Originally posted by jordanb
    Also, it's pretty arbitrary anyway. What if her house had as much spare room as that house had usable space? What's to keep her from building a large room on the back of her house to use?
    It's a little thing called lot coverage. Beyond that there are indoor and outdoor space requirements that must be met, she has a pool in her actauly residence, as listed on her license, so expansion is not an option. She cannot replat because that would be multifamily in a single family neighborhood, well, she could if she demolished on kitchen.
    When Jesus said "love your enemies", he probably didn't mean kill them.

  18. #18
    Cyburbian jordanb's avatar
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    Oh, so this is NIMBYism. I thought you were on the planning board.

  19. #19
    Cyburbian Habanero's avatar
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    Originally posted by jordanb
    Oh, so this is NIMBYism. I thought you were on the planning board.
    If you can't say anything intelligent, don't say anything at all.
    When Jesus said "love your enemies", he probably didn't mean kill them.

  20. #20
    Cyburbian Cardinal's avatar
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    Originally posted by Habanero
    If you can't say anything intelligent, don't say anything at all.
    Agreed. Jordanb, your comments don't show much thought, or really attempt to counter the legitimate comments and concerns expressed by others in an intelligent manner. State codes regulate day care operations to ensure the protection of the children. Local zoning and subdivision codes ensure the safety and quality of the neighborhood environment of community residents. This woman apparently wants to flaunt both. She has the option of a variance process, or asking the city to change the codes if she can make a valid case. If you agree with her and want to make her case, do so. Don't just troll.

  21. #21

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    Would she be able to legally operate the day care if she merged the two lots and removed the kitchen (or other elements that make the structure a dwelling unit) from the second home?

  22. #22
    Cyburbian jordanb's avatar
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    I don't think you are giving what I'm saying the thought required.

    What we have here is a appearently vindictive neighbor who discovered a home buisness not by all of that horrible "traffic" it was supposedly causing, but by spying through the women's child. I suspect that there's some ill-will going on here. There certanly will be if the place gets shut down.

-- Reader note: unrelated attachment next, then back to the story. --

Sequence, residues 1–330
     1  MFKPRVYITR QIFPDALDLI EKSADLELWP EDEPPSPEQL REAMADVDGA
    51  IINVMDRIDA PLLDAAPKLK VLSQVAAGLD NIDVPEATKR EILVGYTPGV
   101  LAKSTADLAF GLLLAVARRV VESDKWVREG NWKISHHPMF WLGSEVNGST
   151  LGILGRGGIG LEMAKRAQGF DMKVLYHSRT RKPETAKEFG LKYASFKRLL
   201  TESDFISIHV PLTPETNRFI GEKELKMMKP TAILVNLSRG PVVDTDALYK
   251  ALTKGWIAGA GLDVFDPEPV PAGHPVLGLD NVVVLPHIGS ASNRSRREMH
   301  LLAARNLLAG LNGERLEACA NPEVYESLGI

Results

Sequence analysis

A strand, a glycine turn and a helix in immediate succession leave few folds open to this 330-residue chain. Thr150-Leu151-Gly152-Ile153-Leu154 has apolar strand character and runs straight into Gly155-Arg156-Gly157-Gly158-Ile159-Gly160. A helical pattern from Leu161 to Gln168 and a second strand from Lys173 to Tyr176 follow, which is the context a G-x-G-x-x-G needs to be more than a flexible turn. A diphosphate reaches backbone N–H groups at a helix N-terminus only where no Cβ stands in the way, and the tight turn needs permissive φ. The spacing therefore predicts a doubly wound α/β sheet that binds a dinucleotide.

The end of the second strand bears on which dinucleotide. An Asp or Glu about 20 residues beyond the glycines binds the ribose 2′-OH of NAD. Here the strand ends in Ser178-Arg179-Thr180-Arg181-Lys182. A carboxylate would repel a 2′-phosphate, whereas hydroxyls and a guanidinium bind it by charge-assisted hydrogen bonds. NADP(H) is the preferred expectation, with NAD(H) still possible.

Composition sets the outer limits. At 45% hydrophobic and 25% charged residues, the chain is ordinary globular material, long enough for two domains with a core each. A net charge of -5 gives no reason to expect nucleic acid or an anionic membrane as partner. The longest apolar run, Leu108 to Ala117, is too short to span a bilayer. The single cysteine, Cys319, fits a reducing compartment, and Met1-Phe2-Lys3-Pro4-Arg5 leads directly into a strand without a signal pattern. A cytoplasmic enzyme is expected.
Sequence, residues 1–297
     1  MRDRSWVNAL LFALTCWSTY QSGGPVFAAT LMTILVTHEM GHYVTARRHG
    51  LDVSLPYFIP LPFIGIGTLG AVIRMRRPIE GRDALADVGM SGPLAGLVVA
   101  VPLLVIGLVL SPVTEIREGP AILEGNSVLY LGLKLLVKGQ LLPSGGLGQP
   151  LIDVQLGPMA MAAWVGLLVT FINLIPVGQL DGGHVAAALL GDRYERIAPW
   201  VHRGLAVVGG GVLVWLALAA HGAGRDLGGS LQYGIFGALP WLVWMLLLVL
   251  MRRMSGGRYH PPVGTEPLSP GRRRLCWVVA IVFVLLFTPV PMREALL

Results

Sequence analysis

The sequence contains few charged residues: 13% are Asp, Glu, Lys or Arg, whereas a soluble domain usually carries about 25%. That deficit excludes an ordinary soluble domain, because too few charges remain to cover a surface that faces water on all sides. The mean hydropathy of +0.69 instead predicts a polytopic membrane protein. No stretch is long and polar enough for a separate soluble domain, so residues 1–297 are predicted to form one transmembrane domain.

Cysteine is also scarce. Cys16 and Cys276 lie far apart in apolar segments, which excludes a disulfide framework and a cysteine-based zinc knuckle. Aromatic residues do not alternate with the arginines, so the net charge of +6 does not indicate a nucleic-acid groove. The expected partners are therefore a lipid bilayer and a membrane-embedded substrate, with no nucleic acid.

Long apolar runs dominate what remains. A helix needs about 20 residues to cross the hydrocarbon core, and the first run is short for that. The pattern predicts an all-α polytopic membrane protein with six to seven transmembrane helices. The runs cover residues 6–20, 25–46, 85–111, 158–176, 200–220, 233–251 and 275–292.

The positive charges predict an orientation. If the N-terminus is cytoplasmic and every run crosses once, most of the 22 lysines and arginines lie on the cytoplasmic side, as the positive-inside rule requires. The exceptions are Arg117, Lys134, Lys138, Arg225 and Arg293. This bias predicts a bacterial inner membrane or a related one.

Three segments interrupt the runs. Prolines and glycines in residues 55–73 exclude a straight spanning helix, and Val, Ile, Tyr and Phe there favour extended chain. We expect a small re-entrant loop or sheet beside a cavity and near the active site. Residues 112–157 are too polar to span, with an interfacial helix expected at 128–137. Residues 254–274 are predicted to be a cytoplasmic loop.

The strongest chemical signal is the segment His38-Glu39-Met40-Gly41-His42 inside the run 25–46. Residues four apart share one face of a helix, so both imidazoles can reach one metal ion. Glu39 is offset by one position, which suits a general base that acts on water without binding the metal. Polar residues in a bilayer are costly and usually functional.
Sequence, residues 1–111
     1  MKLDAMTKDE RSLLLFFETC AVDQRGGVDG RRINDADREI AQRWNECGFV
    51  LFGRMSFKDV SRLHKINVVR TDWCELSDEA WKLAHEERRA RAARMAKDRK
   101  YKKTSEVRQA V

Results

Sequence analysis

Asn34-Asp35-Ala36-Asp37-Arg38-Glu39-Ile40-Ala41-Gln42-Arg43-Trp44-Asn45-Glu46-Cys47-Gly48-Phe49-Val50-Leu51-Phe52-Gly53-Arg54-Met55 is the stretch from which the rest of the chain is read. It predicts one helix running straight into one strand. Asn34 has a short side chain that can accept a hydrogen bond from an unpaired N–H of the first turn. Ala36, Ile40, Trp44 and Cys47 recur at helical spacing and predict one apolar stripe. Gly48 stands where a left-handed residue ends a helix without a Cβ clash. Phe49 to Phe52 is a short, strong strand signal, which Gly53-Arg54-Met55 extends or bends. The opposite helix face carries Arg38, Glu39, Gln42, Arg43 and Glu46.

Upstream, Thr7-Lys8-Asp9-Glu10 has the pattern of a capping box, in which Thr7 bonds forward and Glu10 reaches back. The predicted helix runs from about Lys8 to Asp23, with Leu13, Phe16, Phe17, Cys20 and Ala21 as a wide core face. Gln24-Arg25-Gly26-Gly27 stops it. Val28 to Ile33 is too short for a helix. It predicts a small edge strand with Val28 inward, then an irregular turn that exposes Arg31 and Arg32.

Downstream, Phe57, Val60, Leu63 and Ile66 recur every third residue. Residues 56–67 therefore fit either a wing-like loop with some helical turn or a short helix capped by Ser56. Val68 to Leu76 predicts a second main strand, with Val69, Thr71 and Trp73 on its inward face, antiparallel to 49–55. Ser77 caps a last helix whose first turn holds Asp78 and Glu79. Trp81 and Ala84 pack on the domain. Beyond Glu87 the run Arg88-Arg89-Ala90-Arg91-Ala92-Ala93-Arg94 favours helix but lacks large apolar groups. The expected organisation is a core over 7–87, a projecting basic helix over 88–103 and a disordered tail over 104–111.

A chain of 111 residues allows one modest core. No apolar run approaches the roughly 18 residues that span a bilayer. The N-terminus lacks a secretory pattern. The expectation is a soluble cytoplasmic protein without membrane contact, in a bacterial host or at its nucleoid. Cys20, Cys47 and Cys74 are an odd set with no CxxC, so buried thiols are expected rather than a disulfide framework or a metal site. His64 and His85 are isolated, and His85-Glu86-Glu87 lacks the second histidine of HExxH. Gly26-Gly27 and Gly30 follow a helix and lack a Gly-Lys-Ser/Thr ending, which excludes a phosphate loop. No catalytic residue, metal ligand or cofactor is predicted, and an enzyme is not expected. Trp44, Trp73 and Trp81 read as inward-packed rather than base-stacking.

So now all of you planners who can't see past one use pods despite everything you were taught in planning school are up in arms because she's "flaunting" your precious zoning laws.

    Also, since when has the children's safty been in question? I thought the issue was that she was using the place against zoning regulations, not against health and safty regulations.

    Now, as far as the NIMBY statement, I thought the original poster was on a planning board trying to interpret the law, I didn't know it was just a neighbor trying to stir up trouble. I wouldn't have bothered with it if I had known it was the latter.

  23. #23
    maudit anglais
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    Originally posted by jordanb
    Now, as far as the NIMBY statement, I thought the original poster was on a planning board trying to interpret the law, I didn't know it was just a neighbor trying to stir up trouble. I wouldn't have bothered with it if I had known it was the latter.
    Just to clarify for you Jordan, Habanero is a planner for the community in question, not a NIMBY.

  24. #24
    Cyburbian Emeritus Chet's avatar
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    Originally posted by jordanb
    Also, since when has the children's safty been in question? I thought the issue was that she was using the place against zoning regulations, not against health and safty regulations.
    Among other reasons, zoning ordinances are enacted to promote health, safety, welfare ,and morals. I really dont understand your arguments.

  25. #25
    Cyburbian Emeritus Chet's avatar
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    Originally posted by jordanb
    That's where the practice of planning in no way relates to ether the science of planning or reality, right?
    I presume that was sarcasm. Otherwise, I'll just chalk up the lack of knowledge to being a college sophomore - maybe you didn't have that class yet.